Carolyn Rashby provides business-focused advice and counsel to companies navigating the constantly evolving and overlapping maze of federal, state, and local employment requirements. She conducts workplace investigations and cultural assessments, leads audits regarding employee classification, wage and hour, and I-9 compliance, advises on employment issues arising in corporate transactions, and provides strategic counsel to clients on a wide range of workplace matters, including harassment and #MeToo issues, wage and hour, worker classification, employee accommodations, termination decisions, employment agreements, trade secrets, restrictive covenants, employee handbooks, and personnel policies. Her approach is preventive, while recognizing the need to set clients up for the best possible defense should disputes arise.
Recently enacted California Assembly Bill 5 (“AB-5”) is a game changer for businesses that use independent contractors in California — and a warning shot for employers nationwide. Subject to exemptions for certain occupations and professions, AB-5 imposes a strict “ABC” test that appears to put a thumb on the scale of classifying workers as employees … Continue Reading
The U.S. Department of Labor (DOL) has announced a final rule that will increase access to overtime pay under the Fair Labor Standards Act (FLSA) for approximately 1.3 million workers. The final rule, which comes six months after DOL published a proposed rule in March, is the latest development in a years-long process by DOL, … Continue Reading
Bolstering the state’s reputation for progressive employment legislation, California has become the first state to ban discrimination based on natural hair and protective hairstyles. On July 3, 2019, California Governor Gavin Newsom signed into law SB 188, which amends the California Fair Employment and Housing Act (FEHA), specifying that “hair discrimination targeting hairstyles associated with … Continue Reading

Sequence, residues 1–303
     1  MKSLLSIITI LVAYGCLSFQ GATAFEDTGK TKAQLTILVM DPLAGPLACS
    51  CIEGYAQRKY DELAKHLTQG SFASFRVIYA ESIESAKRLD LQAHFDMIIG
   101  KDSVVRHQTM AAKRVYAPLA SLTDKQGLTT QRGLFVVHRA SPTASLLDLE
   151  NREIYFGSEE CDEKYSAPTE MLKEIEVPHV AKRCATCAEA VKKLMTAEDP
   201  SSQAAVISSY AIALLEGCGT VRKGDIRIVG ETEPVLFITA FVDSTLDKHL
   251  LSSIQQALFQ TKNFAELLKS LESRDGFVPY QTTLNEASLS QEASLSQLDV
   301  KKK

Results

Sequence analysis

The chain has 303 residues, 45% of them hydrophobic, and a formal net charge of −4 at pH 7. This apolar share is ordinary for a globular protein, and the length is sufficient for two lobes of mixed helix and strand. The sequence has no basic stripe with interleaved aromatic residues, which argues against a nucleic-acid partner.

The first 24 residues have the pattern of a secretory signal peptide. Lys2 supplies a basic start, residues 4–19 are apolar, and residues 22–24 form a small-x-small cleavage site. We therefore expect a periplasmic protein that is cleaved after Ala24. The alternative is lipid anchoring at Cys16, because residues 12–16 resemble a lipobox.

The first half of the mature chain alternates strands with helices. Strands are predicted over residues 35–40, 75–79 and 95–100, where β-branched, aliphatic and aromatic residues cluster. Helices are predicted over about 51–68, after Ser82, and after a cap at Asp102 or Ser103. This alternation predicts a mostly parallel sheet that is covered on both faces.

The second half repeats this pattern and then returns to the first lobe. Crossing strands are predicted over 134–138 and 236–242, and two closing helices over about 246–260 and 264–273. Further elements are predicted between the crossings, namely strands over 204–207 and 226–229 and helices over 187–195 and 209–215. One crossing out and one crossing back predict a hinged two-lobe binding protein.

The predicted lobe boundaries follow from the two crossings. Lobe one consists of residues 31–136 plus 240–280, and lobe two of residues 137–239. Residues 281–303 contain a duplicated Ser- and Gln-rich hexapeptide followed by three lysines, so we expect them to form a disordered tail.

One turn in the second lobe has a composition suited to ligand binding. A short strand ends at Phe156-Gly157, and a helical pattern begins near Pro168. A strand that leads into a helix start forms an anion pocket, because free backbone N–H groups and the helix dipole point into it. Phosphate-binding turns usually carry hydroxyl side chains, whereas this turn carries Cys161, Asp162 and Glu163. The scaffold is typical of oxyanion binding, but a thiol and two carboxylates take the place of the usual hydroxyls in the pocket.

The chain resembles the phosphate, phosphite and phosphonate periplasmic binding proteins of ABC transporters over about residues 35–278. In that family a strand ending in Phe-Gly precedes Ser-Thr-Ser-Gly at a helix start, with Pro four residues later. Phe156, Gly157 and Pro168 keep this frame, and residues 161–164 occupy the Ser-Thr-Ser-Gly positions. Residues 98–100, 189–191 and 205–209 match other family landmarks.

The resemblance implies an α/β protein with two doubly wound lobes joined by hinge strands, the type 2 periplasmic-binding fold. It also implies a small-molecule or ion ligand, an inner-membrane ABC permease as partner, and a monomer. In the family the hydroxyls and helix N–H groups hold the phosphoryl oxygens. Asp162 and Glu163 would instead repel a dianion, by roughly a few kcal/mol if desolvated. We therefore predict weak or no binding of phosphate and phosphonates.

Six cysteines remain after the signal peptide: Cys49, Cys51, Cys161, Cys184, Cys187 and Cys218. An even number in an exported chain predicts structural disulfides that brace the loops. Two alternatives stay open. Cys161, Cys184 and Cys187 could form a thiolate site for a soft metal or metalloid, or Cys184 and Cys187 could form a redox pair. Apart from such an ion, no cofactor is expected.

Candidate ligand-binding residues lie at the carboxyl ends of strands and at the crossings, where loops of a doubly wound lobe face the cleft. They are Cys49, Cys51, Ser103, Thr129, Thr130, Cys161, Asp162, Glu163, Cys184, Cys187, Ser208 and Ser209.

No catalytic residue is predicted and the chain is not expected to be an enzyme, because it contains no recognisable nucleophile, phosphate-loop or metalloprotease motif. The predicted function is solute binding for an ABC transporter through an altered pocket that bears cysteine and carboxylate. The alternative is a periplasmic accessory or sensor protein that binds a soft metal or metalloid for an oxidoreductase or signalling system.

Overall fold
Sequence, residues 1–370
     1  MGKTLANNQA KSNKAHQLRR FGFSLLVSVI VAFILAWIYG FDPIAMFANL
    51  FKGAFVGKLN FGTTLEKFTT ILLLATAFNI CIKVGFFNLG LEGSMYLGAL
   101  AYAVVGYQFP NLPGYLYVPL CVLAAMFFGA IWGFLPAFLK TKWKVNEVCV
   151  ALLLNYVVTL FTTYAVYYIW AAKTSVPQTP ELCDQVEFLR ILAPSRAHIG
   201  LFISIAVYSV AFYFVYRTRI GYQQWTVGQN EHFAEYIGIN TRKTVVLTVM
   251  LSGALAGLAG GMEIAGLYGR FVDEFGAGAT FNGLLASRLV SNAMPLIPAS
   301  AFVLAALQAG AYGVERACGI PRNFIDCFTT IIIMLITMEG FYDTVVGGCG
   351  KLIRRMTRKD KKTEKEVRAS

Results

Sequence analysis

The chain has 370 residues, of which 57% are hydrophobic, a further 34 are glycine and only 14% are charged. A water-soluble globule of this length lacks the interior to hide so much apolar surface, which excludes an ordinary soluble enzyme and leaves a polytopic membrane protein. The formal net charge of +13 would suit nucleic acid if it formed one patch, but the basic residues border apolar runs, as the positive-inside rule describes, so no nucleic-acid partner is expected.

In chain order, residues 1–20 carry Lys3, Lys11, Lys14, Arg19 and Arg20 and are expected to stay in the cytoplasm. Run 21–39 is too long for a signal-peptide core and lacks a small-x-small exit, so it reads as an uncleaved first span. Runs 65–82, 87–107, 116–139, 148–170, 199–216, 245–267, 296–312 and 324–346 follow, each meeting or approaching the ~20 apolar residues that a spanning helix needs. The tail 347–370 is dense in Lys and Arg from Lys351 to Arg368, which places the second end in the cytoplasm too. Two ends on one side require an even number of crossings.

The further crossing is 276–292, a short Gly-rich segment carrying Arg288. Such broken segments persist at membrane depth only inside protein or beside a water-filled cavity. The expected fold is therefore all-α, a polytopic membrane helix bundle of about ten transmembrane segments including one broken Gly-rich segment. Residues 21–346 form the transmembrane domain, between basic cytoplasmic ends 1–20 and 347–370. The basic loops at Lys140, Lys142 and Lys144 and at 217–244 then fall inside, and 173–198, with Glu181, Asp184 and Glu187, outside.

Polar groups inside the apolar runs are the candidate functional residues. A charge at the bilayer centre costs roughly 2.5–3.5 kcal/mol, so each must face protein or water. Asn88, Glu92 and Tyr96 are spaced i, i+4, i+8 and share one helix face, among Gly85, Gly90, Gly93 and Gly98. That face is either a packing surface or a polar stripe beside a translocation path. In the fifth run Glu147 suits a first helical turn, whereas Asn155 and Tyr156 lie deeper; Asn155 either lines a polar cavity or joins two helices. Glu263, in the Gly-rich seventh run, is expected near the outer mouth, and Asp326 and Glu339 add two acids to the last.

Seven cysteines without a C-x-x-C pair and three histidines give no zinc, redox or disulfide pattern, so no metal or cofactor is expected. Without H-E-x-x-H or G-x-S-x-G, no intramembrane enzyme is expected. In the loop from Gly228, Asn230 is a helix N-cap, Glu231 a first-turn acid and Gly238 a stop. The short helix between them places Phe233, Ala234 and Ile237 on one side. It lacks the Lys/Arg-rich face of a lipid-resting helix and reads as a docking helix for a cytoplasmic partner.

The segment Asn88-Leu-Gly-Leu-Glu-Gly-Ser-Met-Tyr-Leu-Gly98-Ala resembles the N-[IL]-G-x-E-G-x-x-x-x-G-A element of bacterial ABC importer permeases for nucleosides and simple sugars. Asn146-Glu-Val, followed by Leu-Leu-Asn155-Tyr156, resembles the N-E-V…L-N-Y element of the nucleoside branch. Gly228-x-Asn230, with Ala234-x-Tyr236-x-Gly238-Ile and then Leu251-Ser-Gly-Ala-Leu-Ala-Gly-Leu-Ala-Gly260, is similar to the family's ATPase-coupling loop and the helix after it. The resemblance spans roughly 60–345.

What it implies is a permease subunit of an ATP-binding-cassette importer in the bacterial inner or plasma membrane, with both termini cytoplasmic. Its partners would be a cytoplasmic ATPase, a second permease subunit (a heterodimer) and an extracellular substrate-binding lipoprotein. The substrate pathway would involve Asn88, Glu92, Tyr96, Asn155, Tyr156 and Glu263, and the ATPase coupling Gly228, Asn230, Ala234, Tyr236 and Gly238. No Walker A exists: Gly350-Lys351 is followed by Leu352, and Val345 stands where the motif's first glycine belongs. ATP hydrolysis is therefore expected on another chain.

On April 29, 2019, the U.S. Department of Labor’s (DOL) Wage and Hour Division issued an opinion letter finding that “virtual marketplace company” workers (of an unnamed business) were independent contractors rather than employees. While not binding, the opinion signals that DOL is taking a less aggressive approach than in recent years to the hot-button … Continue Reading
Following two years of anticipation, after a similar but more aggressive rule was proposed by President Obama’s administration and then squashed by federal courts in Texas, the Department of Labor (DOL) has issued the long-awaited Notice of Proposed Rulemaking that, if enacted, would expand access to overtime pay for certain employees under the Fair Labor … Continue Reading
Over three decades ago, in Loral Corp. v. Moyes, a California Court of Appeal held that employee non-solicitation agreements, which bar former employees from soliciting the employer’s existing employees, could be enforceable. In 2008, the California Supreme Court in Edwards v. Arthur Andersen LLP held that non-competition agreements are unlawful restraints on trade and void … Continue Reading